Your inventory in the game is represented by the holsters and pouches in your jacket. The left side of your jacket is used for small items like boxes of ammo or batteries, there's a holster for a gun and a flashlight on your chest, and the right side is used for bottles and cans of various types. The fact that there's a legitimate, actual inventory (you actually look down in first-person to access it, and it's in real-time too so you have to hurry and put stuff together instead of just calmly making a molotov cocktail during a pause) helps with the atmosphere that's being created. In a similar manner, wounds show up on your body and must be healed with either bandages or a first-aid spray. There's no health bar (as with the inventory, all HUD elements are minimal in this game), but you can get a general idea of how injured you are by the status of your wounds (which are still present after being healed, but aren't red and open). You also get a phone/PDA at a point in the game that allows you to make calls and gives you access to a GPS map of the area you are in.

In many situations it's necessary to hotwire a car or activate a fusebox (which is done in real time, often with monsters closing in on you) by picking the right wires to spark together. You're often frantically pressing wires together hoping that they're the right ones but doing it quickly enough to get away from the monsters closing in on your car. This is a pretty good part of the game in an atmospheric sense. Driving the car is another thing, though; the controls are wonky and in most cases the demands of the game as far as getting away from giant apocalyptic cracks in the road are a little bit over-the-top. I spent a good hour on what is really a five-minute segment where you're trying to get away from a giant series of cracking roads and earthquakes because the car didn't turn enough, or it turned too much, or I hit another motorist and the car got stuck, or I hit something at a bad angle. The last one in particular is annoying; at the end of the sequence in question, you're supposed to go flying out through a window in a building, but the first time I got there, I assumed that was what was supposed to happen, but I hit it at an odd angle and I didn't go through (I left a mark on the glass though). The next two times I made it there, I tried looking around for other exits but got blocked off. Only on the last time did I realize what had happened and just drive straight into the glass.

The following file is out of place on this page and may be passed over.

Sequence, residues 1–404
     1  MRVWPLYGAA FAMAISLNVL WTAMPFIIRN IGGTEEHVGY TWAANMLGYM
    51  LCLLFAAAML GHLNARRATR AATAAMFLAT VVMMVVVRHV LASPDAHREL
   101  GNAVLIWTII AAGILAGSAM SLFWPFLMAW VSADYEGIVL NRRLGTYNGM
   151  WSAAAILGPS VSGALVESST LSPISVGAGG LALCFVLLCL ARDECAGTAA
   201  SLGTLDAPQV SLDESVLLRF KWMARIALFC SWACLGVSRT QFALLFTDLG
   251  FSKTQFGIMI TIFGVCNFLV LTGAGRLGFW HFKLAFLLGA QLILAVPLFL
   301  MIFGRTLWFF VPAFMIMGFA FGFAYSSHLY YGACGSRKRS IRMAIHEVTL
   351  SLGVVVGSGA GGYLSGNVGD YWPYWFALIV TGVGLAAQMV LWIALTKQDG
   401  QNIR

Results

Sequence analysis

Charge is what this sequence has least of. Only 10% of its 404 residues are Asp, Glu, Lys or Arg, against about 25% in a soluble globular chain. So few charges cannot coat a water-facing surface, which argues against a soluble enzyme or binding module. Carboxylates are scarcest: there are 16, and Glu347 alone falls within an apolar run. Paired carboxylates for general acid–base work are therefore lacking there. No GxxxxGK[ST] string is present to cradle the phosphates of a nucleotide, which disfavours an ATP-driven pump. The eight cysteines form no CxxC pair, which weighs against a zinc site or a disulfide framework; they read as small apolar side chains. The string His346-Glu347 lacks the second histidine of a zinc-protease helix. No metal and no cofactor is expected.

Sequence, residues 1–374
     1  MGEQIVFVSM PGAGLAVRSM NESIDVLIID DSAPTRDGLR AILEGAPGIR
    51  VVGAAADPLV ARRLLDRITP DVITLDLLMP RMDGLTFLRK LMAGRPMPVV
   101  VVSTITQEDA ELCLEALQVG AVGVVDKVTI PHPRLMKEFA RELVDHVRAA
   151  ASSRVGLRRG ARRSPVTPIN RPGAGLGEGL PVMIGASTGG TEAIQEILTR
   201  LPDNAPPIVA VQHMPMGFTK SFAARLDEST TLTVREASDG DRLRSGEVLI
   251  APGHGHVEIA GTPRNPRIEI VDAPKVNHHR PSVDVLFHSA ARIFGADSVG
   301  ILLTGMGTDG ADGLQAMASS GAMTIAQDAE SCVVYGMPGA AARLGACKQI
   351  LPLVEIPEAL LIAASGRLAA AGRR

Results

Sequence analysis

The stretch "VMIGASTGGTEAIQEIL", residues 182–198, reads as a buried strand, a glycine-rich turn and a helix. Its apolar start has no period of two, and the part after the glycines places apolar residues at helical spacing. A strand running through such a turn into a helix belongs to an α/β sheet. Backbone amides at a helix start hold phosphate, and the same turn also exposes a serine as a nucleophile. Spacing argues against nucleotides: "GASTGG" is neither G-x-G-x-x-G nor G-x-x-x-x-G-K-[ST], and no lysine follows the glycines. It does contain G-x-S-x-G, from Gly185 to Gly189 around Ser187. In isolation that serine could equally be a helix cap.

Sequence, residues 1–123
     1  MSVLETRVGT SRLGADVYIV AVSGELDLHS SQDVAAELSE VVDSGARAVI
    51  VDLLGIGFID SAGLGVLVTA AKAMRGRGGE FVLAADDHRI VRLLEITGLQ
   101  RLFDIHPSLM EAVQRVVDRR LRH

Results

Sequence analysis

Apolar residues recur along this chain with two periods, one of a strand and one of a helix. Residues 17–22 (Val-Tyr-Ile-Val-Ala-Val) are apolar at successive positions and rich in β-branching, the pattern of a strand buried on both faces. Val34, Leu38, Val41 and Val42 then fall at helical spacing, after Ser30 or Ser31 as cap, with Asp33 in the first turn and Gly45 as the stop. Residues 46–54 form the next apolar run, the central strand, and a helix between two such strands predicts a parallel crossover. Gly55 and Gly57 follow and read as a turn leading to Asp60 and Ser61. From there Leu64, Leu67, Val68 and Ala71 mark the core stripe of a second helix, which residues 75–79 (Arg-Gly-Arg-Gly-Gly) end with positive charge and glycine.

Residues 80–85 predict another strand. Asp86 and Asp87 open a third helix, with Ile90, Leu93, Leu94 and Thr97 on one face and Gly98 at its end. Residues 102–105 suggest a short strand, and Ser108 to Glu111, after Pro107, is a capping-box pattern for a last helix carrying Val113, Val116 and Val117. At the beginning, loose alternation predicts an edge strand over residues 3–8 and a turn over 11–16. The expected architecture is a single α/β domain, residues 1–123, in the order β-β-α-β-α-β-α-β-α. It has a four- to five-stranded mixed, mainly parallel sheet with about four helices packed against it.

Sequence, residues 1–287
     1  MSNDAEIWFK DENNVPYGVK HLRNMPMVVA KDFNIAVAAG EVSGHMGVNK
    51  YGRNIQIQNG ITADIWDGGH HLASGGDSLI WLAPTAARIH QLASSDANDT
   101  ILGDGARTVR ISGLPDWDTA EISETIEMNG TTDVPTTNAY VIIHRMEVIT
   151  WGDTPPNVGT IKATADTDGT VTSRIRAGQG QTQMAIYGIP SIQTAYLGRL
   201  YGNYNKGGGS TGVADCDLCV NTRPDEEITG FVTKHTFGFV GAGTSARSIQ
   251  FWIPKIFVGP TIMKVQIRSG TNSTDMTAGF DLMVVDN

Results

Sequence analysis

The graphics in the game are pretty good; the best graphics are the fire graphics, which flicker and dance pretty realistically, while the worst are probably the wounds that Edward receives on his body. The idea's neat, but in actuality they're just the same image copy-pasted onto different parts of his body. The "slash that ripped through cloth and pierced the skin" image looks okay when it's on his pants or shirt, but when it's on his jacket it just looks like someone slapped it on like a sticker. Also, you get the same kind of wound no matter how you got the injury. Overall, though, the graphics are decent and atmospheric.

The sound isn't bad, but the music just feels wrong. It's a nice attempt at atmospheric music, but most of the time it's not so much "scary" as it is "epic", with giant sweeping musical interludes and ominous chanting that fits more with "Carmina Burana" than a horror movie. It just feels overstated, and not particularly scary. Furthermore, it gets old pretty quickly, too.

As a whole, the worst part of Alone in the Dark is its execution. It has a lot of good ideas, and most of the elements taken by themselves are pretty sound. However, the actual execution of the ideas - the controls, the situation, the atmosphere - are all really terrible and frustrating, and the game seems more like a battle against the game itself than against any monsters or puzzles. The interactive environments seem more linear than natural; despite the fact that it's supposed to be stuff that's done in a manner that makes it seem "realistic", there's so many scripted sequences that it's hard to get into it.

As a whole, Alone in the Dark deserves a 6/10 - good ideas, but poor execution.